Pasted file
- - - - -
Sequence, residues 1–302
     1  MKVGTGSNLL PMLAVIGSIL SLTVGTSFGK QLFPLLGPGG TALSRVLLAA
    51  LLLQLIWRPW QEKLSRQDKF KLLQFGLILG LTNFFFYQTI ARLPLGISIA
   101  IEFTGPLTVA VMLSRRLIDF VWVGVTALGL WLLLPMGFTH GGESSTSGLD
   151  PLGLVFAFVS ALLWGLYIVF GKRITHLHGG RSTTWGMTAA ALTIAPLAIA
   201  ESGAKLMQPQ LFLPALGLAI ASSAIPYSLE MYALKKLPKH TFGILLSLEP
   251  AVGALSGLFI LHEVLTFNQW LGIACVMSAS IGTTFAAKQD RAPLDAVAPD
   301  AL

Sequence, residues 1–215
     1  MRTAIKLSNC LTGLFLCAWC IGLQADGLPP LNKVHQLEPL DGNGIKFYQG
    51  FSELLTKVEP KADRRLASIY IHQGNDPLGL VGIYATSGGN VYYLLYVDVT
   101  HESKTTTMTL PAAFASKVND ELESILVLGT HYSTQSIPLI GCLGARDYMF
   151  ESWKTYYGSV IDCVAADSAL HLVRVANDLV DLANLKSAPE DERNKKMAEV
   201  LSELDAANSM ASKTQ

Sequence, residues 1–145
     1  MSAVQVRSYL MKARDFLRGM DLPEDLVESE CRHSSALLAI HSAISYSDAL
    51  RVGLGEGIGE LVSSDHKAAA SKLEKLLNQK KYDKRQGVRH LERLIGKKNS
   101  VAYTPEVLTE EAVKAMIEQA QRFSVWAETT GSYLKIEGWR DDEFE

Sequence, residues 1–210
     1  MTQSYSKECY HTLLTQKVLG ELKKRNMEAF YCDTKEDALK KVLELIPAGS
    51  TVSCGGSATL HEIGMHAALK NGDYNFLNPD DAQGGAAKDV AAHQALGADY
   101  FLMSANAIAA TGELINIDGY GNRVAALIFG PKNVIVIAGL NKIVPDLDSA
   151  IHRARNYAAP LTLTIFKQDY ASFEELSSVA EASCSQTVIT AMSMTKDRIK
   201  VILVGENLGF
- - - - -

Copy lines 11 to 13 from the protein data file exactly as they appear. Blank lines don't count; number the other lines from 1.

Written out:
    51  FSELLTKVEP KADRRLASIY IHQGNDPLGL VGIYATSGGN VYYLLYVDVT
   101  HESKTTTMTL PAAFASKVND ELESILVLGT HYSTQSIPLI GCLGARDYMF
   151  ESWKTYYGSV IDCVAADSAL HLVRVANDLV DLANLKSAPE DERNKKMAEV